Is There a Relationship Between Facebook, Grades?

May 07, 2009
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(PhysOrg.com) -- News in mid-April of an unpublished study suggesting that college students' use of Facebook was related to lower college academic achievement probably sent more than a few parents reeling. Now a new study may allay parental concern.

Attempts by researchers to replicate the results of the widely publicized preliminary Ohio State University study failed to find any robust relationship between use of the popular site and diminished grades.

“We found no evidence of use correlating with lower ,” said Eszter Hargittai, associate professor of communication studies at Northwestern University and a fellow at the Berkman Center for Internet & Society at Harvard University.

Hargittai is co-author of “Facebook and Academic Performance: Reconciling a Media Sensation with Data” with Josh Pasek, a doctoral student at Stanford University, and eian more of the University of Pennsylvania’s Adolescent Risk Communication Institute. The study appears in the online journal First Monday.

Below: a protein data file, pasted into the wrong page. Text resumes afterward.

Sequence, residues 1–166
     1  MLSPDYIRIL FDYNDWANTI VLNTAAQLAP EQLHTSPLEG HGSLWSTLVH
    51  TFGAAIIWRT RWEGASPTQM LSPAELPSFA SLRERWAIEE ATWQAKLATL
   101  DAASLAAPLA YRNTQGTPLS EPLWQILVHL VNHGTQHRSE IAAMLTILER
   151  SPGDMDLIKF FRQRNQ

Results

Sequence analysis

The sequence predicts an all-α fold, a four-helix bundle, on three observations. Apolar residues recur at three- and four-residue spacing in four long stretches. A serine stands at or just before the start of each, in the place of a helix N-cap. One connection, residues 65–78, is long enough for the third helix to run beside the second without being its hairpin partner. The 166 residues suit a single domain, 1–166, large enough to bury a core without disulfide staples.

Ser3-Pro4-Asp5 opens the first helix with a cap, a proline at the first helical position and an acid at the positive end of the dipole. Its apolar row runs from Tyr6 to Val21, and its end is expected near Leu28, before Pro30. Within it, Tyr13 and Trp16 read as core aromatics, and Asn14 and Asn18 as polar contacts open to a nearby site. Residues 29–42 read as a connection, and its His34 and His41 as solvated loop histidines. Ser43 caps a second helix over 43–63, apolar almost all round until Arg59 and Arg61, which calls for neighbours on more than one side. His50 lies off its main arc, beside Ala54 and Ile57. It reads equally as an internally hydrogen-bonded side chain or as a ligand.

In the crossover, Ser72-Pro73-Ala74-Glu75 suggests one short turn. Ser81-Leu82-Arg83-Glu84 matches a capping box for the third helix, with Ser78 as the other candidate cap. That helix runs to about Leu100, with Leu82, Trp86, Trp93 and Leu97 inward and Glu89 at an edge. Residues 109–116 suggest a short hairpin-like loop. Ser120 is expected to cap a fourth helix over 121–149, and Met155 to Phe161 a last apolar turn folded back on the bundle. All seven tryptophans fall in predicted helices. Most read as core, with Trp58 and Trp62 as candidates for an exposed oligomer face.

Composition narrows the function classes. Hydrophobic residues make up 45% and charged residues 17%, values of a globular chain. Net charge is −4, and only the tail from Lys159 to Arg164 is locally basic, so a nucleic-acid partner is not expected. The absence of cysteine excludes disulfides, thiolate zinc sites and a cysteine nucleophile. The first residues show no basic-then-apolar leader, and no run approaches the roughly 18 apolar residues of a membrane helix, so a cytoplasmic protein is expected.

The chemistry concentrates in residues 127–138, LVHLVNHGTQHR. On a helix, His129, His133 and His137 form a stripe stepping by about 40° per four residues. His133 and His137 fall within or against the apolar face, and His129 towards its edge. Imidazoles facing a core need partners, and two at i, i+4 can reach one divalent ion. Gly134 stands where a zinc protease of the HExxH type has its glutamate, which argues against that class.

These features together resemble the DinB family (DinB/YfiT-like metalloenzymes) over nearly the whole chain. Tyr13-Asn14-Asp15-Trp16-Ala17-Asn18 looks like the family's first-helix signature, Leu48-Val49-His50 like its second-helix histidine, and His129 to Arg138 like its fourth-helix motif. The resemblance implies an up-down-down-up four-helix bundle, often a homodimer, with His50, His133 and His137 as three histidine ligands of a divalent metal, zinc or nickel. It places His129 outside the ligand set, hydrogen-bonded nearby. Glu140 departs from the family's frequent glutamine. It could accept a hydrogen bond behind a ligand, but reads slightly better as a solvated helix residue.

The researchers used relevant information from three existing data sets -- a sample of more than 1,000 undergraduates from the University of Illinois, Chicago; a nationally representative cross sectional sample of 14- to 22-year-olds; and a nationally representative longitudinal panel of American youth aged 14- to 23. No significant negative between grade point averages and Facebook use was found.

“I suspect that basic Facebook use -- what these studies measure -- simply doesn’t have generalizable consequences for grades,” said Hargittai, whose research explores the social and policy implications of the Web. The doubt cast on the use of vis-à-vis students, the study suggests, is reminiscent of suspicions cast on earlier new media, including TV and motion pictures, and their effect on children.

“The Internet and social networking sites in particular can be used in any number of ways, some of which may be beneficial to the user and others less so. More important than whether people use these sites is what they do on them,” said Hargittai. “Cultivating relationships, for example, can lead to positive outcomes.”

That is not to say that extraordinary Facebook use can never have deleterious effects on academic performance.